This compares to estimates earlier in the year of a shortfall of up to €30bn.

Next year the Government is predicting a deficit of €14.5bn if there are no policy changes announced in the Budget, he added.

That would be equivalent to 4% of GDP.

Mr Donohoe said the Government’s pre-budget White Paper, which is due to be published later tonight, is based on the assumptions of economic decisions that have been made up to now and the current level of public health guidance.

So if either were to change, the deficit figures would go beyond those indicated today, he said.

Minister for Public Expenditure and Reform, Michael McGrath said Covid-19 will have a significant impact on spending next year.

While the Government is still finalising the assessments, Mr McGrath said €8-8.5bn of Covid spending will be required next year across health, education, social protection etc on the basis of a no changes to existing policies.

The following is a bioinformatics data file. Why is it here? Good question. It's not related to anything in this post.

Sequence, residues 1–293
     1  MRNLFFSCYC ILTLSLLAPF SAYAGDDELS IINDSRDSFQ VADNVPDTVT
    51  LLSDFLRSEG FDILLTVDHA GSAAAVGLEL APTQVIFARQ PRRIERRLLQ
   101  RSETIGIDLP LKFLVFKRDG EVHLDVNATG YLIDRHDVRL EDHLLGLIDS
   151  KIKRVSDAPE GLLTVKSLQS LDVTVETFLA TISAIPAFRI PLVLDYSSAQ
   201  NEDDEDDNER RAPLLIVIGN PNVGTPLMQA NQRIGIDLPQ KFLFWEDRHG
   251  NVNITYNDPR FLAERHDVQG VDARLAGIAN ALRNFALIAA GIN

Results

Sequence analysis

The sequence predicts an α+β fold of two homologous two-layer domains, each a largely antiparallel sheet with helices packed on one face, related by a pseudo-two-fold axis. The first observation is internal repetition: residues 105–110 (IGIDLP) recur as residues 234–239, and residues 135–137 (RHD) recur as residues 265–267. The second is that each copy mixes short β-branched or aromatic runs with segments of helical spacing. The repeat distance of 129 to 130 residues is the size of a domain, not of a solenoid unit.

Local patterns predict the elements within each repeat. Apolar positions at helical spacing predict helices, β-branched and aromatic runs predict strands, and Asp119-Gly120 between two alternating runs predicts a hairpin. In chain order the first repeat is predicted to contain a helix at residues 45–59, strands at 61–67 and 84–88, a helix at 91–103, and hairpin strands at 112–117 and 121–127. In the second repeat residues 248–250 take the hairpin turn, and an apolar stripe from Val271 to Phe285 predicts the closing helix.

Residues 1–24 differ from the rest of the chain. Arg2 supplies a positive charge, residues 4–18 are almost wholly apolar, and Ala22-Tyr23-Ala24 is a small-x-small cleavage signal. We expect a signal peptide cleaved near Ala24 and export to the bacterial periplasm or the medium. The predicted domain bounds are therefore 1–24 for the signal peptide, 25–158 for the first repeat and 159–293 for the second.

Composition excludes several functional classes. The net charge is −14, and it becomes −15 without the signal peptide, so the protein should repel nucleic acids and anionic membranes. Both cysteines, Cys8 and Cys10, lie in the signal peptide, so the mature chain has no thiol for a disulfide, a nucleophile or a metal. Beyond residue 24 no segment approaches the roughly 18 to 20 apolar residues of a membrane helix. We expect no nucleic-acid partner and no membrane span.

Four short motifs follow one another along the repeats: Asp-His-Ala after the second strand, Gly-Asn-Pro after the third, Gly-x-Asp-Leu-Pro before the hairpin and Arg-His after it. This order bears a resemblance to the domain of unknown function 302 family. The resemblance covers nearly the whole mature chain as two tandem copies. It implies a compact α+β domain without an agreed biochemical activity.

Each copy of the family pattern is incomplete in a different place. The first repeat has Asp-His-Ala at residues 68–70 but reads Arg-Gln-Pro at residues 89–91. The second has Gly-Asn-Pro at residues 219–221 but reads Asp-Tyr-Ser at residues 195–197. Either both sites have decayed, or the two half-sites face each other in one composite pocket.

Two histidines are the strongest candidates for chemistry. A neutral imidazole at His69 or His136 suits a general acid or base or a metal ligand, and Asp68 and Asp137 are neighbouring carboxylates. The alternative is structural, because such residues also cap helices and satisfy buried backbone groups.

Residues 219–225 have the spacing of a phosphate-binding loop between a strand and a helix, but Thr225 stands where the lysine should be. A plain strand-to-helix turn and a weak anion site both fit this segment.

He said he believes the €3bn increase in health spending over last year already announced will be ‘adequate’ for this year. He indicated that no supplementary spending beyond this was being considered at this time.

He also said no final decision has been made on whether to pay a Christmas bonus to social welfare recipients this year as ‘the Exchequer is in a very strained position’. He said he would confirm the position in relation to this with Minister Heath Humphreys next week.

The Minister for Finance confirmed in a response to a question that if ‘further public health guidelines’ were to be adopted, the current projected deficit €21bn ‘is going to grow and grow and grow.’